Archive | April 2020

10 Tips for Spring Pruning Success

by Melinda Myers (see more tips from Melinda at https://www.melindamyers.com/)

Early spring is a great time to do a bit of pruning. Knowing what to prune and when will help you achieve the best results for the health of your plants and beauty in your landscape.

·      Remove dead, damaged and rubbing stems and branches back to healthy growth. Prune just above an outward facing bud, branch or main stem and flush with the branch bark collar on trees.

·      Check plants for and remove the swollen growths of black knot on plum and cherry trees and sunken discolored cankers on the stems of trees and shrubs. Prune 6 to 9” below the canker and disinfect tools between cuts.

·      When pruning diseased material be sure to disinfect tools between cuts with a spray disinfectant or rubbing alcohol.

·      Prune summer blooming Annabelle-type hydrangeas, potentillas and spireas to encourage compact sturdy growth. Cut all the stems back halfway and half of these back to ground level.

·      Rejuvenate overgrown suckering shrubs by removing a third of the older and larger stems back to ground level. Reduce the overall height, if needed, by no more than a fourth. Repeat for the next few years.

·      Prune fruit trees and fruiting vines to increase flowering and subsequent fruiting.

·      Improve their appearance by removing faded flowers left on shrubs for winter interest. Be careful not to remove any flower buds already formed on spring flowering shrubs.

·      Wait until after spring flowering shrubs bloom to prune if you want to maximize the floral display. Consider doing more severe pruning, when needed, in late winter or early spring when it is less stressful for the plant. Force the trimmings into flower and enjoy in a bouquet indoors.

·      Make sure your tools are sharp, so the pruning cuts close quickly and use aquality bypass pruner, like the Corona® BP 6310. Through April 5, you can get it for only $29.88 + free shipping – a savings of 40% off the regular price.

Simply visit Corona’s website and use the code SAVE40MM to receive 40% off + free shipping! If you need help on how to get the 40% off + free shipping, visit https://www.coronatoolsusa.com/sas-help for instructions.

·      Remember to keep yourself safe by wearing safety glasses and heavy-duty gloves. It’s too easy to focus on the task and end up with a stick in the eye or scratches and bruises. Consider synthetic leather gauntlet style gloves like Foxgloves extra protection gloves that protect hands and forearms from harm.

Stay safe and healthy!

Melinda

Beloved Lilies

easter-lily-poisoning

Beloved plant is toxic to house pets

The rules for calculating Easter are rather complex. Easter Day falls on the first Sunday after the first full moon that falls on or after March 21, but the “full moon” referred to is not the real moon but a theoretical moon that doesn’t quite match the one in the sky. In 1928, the British House of Commons agreed to a bill fixing the date of Easter, subject to agreement by various Christian churches. Efforts to secure that agreement, however, have been going on ever since.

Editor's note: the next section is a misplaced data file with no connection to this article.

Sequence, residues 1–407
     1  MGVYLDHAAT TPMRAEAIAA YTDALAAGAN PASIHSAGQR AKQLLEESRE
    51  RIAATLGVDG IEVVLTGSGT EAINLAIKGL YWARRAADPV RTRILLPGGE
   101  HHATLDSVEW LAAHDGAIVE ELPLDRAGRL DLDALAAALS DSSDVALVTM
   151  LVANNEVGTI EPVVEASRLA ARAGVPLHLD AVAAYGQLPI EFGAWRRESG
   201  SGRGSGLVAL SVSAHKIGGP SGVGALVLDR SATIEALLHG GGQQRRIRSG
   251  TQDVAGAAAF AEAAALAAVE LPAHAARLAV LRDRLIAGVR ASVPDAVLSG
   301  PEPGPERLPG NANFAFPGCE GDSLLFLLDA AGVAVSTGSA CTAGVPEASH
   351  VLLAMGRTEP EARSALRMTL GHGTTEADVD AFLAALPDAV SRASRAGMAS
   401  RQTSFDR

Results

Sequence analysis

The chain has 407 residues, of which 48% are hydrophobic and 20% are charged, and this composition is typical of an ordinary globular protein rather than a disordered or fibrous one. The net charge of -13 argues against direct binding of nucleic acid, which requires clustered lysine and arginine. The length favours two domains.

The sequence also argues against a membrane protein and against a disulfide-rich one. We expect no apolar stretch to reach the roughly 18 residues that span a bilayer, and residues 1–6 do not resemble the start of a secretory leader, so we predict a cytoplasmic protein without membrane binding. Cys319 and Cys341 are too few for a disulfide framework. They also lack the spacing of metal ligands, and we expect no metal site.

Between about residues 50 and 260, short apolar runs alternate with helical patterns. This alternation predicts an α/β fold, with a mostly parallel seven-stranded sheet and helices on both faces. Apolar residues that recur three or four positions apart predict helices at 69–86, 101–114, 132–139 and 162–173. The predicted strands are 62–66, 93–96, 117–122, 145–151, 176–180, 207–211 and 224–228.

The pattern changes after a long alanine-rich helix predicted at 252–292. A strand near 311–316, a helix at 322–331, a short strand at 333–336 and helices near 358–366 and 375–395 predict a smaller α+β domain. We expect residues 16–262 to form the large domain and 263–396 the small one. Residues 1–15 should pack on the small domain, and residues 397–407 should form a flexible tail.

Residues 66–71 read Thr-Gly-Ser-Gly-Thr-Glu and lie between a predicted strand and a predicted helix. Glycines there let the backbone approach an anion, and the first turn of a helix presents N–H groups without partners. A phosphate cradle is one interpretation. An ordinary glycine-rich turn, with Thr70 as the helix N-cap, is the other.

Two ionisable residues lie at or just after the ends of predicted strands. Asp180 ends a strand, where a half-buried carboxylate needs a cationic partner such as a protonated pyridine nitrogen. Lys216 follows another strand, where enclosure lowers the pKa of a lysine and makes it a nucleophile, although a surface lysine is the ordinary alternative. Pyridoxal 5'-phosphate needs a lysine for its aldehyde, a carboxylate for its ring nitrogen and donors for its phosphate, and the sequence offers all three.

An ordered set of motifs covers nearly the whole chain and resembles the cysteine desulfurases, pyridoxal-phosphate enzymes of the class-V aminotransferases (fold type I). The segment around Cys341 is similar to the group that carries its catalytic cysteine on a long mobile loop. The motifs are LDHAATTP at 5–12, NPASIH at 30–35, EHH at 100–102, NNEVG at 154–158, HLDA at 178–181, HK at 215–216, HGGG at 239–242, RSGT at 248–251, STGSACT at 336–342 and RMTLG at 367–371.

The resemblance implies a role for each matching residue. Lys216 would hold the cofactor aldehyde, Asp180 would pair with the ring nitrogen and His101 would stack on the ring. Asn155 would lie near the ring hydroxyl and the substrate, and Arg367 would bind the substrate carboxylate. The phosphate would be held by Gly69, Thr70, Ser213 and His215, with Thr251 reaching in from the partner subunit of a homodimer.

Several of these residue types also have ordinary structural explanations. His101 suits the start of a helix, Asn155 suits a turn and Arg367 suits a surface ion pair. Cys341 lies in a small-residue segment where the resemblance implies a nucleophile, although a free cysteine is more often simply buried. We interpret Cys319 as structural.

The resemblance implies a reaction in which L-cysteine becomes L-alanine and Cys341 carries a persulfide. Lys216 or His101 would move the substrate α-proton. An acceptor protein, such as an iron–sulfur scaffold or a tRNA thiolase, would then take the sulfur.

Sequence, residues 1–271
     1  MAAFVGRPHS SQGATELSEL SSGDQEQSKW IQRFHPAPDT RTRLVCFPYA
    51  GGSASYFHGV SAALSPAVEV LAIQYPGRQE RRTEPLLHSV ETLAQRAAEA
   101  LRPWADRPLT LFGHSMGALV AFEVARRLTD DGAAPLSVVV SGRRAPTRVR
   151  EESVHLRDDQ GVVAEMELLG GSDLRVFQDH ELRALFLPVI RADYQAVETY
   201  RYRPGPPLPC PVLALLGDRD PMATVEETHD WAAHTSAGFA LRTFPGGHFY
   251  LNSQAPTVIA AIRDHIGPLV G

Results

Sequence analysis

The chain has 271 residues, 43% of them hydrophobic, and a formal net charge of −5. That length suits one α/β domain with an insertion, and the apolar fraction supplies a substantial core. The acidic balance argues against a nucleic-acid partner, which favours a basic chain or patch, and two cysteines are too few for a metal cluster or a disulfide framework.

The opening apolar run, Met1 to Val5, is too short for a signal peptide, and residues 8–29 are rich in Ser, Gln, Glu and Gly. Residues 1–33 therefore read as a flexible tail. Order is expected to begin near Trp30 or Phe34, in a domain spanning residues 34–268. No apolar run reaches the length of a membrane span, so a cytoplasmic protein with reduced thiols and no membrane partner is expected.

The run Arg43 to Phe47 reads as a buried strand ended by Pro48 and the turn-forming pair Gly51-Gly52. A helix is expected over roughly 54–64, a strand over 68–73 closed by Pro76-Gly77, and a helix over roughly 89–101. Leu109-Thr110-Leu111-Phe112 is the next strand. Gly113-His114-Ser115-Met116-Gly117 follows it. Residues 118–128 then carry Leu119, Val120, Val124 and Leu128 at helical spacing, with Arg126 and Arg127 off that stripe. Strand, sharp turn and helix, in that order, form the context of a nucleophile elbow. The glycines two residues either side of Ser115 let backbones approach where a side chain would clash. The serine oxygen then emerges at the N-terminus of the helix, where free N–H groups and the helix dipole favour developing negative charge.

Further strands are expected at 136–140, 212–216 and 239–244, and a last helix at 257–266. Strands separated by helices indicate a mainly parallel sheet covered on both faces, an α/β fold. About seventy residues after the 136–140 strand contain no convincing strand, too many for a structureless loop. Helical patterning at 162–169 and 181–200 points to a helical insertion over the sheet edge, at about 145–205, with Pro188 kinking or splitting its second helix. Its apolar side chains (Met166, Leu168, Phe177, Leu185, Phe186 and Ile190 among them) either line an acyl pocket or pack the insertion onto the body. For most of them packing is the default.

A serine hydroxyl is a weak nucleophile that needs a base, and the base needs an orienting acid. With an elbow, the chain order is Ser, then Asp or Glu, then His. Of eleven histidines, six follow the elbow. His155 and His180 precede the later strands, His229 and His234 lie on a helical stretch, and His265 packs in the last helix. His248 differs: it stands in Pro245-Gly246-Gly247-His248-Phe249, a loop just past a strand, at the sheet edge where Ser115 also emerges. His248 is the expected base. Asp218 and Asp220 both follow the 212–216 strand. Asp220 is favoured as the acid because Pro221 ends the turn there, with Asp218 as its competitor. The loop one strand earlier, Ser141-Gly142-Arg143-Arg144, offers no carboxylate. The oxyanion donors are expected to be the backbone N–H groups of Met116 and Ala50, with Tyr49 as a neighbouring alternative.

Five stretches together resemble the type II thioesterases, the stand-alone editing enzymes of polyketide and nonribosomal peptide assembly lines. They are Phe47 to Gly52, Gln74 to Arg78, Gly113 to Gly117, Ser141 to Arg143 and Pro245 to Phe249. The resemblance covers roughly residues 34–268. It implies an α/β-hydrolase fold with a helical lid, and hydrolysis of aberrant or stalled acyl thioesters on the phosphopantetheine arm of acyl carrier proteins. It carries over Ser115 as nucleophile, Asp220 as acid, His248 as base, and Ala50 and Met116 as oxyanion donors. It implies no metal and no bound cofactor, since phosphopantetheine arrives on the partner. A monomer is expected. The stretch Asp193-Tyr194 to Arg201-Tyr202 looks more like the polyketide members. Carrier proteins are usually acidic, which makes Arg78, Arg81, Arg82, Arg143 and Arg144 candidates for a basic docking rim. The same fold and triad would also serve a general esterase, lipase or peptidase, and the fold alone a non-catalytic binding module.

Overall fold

The name of “Easter” is generally believed to be derived from Eostre, the pagan goddess of dawn, though recent research suggests that Eostre may not have been a goddess at all but the name of a season, and the “goddess” was only a mistranslation by the Venerable Bede in the eighth century.

Easter Island in the Pacific was discovered by the Dutch sailor Jacob Roggeveen on Easter Day 1722.

The plant that we now call an Easter Lily was discovered in 1777 in the Ryukyu Islands of Japan. Interestingly, though, the white lily is mentioned in the Bible and has been a symbol of Christianity since its beginnings. To learn more about the lily: https://pwa.www.1800flowers.com/blog/floral-occasions-holidays/history-of-the-easter-lily/

If you’ve been gifted with an Easter lily and you have pets, you should know that the plant is poisonous. Though the plant presents a high rate of toxicity to cats who ingest it, many pet owners are not aware of the dangers posed by it. There are no documented cases of poisoning by Easter lily in dogs, but there is a definite possibility of effects such as gastrointestinal upset or internal obstruction if your dog eats a large amount of this plant. Most cases of ingestion of the Easter lily by canines will mean mild gastrointestinal upset simply because the digestive systems of dogs are not used to processing plant material, especially in large quantities. While considered as lethal to cats, the Easter lily is not toxic to dogs but this does not mean your canine companion should have free rein to ingest this plant. The Easter lily is known to be extremely toxic to the feline species. While this flower is not documented as poisonous to dogs, ingestion of the flower in large quantities may  lead to digestive discomfort.

Read more at: https://wagwalking.com/condition/easter-lily-poisoning